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Winckelmann's eloquent articulation of the cultural and aesthetic value of studying the ancient Greeks, his adumbration of a new method for studying ancient artworks, and his provision of a model of cultural-historical development in terms of a succession of period styles, influenced both the public and intra-disciplinary self-image of classics long into the twentieth century. Yet this area of Winckelmann's Nachleben has received relatively little attention compared with the proliferation of studies concerning his importance for late eighteenth-century German art and literature, for historians of sexuality, and his traditional status as a 'founder figure' within the academic disciplines of classical archaeology and the history of art. Harloe restores the figure of Winckelmann to classicists' understanding of the history of their own discipline and uses debates between important figures, such as Christian Gottlob Heyne, Friedrich August Wolf, and Johann Gottfried Herder, to cast fresh light upon the emergence of the modern paradigm of classics as Altertumswissenschaft: the multi-disciplinary, comprehensive, and historicizing study of the ancient world.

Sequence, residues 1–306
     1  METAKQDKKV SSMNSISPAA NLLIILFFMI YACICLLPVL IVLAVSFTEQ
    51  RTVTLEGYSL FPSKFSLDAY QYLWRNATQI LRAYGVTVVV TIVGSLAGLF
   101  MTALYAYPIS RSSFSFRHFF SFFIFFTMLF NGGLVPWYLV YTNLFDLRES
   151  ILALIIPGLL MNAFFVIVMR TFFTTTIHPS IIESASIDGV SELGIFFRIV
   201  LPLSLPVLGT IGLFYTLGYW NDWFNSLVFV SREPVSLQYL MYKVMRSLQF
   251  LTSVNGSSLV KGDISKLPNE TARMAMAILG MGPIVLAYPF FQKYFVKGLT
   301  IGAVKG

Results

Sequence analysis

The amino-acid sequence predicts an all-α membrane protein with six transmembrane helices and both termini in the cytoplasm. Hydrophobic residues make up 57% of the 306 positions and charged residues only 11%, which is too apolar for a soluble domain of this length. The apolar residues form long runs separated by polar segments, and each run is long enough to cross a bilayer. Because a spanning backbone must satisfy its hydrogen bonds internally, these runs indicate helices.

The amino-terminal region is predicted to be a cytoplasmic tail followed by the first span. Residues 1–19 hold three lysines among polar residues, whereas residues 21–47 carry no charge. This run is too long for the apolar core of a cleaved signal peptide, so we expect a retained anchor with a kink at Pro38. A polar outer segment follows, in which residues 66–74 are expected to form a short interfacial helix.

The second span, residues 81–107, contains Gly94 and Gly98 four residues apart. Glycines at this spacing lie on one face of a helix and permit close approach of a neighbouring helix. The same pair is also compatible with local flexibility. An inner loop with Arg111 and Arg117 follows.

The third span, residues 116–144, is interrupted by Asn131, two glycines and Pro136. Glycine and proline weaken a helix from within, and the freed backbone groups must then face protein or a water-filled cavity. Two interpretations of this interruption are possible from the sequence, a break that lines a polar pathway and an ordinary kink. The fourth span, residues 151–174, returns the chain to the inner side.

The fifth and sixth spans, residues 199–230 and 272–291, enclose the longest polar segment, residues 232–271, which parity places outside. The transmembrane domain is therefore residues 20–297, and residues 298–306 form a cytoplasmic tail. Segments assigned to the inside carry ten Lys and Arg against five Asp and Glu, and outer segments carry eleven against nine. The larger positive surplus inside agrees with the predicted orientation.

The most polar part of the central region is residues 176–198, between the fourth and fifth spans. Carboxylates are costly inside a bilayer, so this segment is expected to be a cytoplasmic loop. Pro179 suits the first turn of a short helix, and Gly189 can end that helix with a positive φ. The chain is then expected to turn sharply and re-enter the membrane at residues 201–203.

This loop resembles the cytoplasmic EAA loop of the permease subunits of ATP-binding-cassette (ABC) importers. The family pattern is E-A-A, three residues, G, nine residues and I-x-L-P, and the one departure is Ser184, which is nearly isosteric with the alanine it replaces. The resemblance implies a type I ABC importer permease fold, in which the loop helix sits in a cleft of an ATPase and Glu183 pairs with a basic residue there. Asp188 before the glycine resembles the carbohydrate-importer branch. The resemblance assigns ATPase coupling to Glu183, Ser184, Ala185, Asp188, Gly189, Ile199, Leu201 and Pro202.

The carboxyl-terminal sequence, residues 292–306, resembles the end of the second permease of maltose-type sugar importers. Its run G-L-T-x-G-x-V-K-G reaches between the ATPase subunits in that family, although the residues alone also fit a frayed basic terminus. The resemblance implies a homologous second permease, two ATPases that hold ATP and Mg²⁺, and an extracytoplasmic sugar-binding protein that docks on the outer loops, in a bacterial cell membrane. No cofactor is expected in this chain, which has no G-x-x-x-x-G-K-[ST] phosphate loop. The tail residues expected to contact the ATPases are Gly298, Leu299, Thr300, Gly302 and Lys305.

Katherine Harloe is a Lecturer in Classics at the University of Reading.
Table of Contents
List of abbreviations
Note on translations and citations
1. Introduction: Winckelmann and the imagined community of classical scholarship, 1790-1930
Part One: Winckelmann in Context
2. Placez moi dans un coin de Votre Bibliotheque: Winckelmann's career in Germany and his self-positioning within the eighteenth-century Republic of Letters
3. Kennzeichen der griechischen Meisterstucke: Winckelmann's early Roman writings and the discourse of connoisseurship
4. Winckelmann's Geschichte der Kunst des Altertums and its earliest critical reception
Part Two: On the Contours of das Altertum and the Possibility of its Recovery: Heyne versus Wolf
Introduction to Part 2
5. Homeric questions: A late eighteenth-century priority dispute
6. Heyne, Winckelmann and Altertumswissenschaft
Conclusion to Part 2: the problem of Wolf's Hellenism
Part Three: Altertumswissenschaft and the Amateur: Johann Gottfried Herder
7. Herder, Winckelmann, and Wissenschaft